St Mary’s Church in Lowdham has one of the largest rural church yards in Nottinghamshire. Janice Yelland-Sutcliffe, a member of the church, writes about a renovation and environmental project in the churchyard and adjoining field and how this has brought together people from across the community.More than 100 people have taken part in work on the renovation so far at St Mary’s, with support from the Woodland Trust, Nottingham Wildlife Trust and funding from Tesco Groundwork among others.
“Two or three years ago, I began to realise that there was a need in our church to connect more with the community in line with what was being encouraged by the Diocese and Deanery. In addition to this, St Mary’s churchyard being one of the largest rural churchyards in Nottinghamshire had received feedback that the top churchyard was neglected – I think in part because it is so big and difficult to manage.
“At the same time I was considering what was the future for me and how I could support the church and community. I left work in 2010 to care full time for my daughter and in 2012 finally completed a MSc in Education for Sustainability. By 2014 I needed to do something to get out of the house. Sustainability and the environment are my passion and being involved with the church and on the Parochial Church Council (PCC), I thought with my experience and expertise I could help get a grip on the churchyard.
“We had an open day and a couple of discussion forums and there was a lot of interest in the history of the church, and the feeling that if the church cared for the churchyard, then the community felt cared for. We have a ‘front of house’ churchyard, a back churchyard, a field and a beck and a little coppice. There was a big enough space to do things, so we began to think about educational opportunities as well.
“We set to on the work with the sense of really wanting to honour what God has given us and what we are stewards of. The vicar was fantastic, the PCC was behind it, the faculty officer was supportive and we started clearing.
“The back part of the top church yard has 1,000 graves, sitting cheek by jowl, and cherry tree saplings had sprung up all across it. We began taking out the best part of 1,000 cherry tree saplings. The trees had pushed graves over and we had a rabbit warren that had come up between two lots of graves. You couldn’t walk, it was highly uneven, it was difficult to get around. There were families in the village who could not get to their family graves. We were losing biodiversity because it was getting overwhelmed with brambles and nettles. It was trying to find that balance between ecological biodiversity and human access and maintenance.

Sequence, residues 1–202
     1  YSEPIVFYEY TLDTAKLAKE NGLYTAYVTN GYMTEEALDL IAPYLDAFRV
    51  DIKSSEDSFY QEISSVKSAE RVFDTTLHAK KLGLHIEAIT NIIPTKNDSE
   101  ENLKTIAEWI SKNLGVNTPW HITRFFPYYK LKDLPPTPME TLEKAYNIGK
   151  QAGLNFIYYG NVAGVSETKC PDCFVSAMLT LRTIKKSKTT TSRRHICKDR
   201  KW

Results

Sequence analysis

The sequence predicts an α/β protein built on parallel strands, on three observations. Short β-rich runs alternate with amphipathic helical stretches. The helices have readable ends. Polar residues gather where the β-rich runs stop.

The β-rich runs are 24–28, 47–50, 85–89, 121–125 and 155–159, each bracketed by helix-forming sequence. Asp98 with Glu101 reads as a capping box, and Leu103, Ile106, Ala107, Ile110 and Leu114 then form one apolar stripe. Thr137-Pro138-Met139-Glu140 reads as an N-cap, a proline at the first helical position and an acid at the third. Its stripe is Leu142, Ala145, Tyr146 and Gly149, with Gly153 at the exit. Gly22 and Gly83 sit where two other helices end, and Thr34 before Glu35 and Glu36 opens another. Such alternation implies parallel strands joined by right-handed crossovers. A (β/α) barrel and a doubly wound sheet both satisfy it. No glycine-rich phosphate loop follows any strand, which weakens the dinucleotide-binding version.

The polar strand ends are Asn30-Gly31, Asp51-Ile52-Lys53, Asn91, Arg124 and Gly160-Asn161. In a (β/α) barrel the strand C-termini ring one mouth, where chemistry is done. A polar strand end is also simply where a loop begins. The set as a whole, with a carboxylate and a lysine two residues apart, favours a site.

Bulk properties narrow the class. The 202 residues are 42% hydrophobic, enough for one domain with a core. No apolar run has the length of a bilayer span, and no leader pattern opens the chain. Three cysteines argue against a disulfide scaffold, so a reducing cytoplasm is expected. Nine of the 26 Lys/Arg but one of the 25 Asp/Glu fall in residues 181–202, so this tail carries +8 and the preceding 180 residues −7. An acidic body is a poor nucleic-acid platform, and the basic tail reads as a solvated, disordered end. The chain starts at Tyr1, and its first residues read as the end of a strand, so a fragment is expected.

“We have been planting hedgerows and replacing hedges. We have had employees from HMP Lowdham, the local prison, come and help us. Some of the prisoners helped with making garden furniture and people taking part in the community pay back scheme came along to do work. We have had help from the scouts, people from the village and members of the congregation. People have come looking for family graves and as a result have contacted us asking us when they can come and help.
“In the field we planted an orchard of more than 40 trees and we have also planted a 100 metre length World War I Heritage Hedge within which we have planted a willow for each of the men in the village who fought or died fighting in World War I. We are creating stories, as we are planting.
“In the ‘front of house’ churchyard, we are starting to get a lot more of the wildflowers coming through and we are going to create a nature area and wildlife areas. We would like to see forest school style activities and opportunities for outdoor worship. We are just at that point, after two years of work, of being able to put in place a proper maintenance and development plan for the future. It has been hard work but it has been fun. I think I’ve learned more about my village in the last two years than in the last 20 years of living here.”
Member of St Mary’s Church, Lowdham
Listen to Janice speak about the project more below.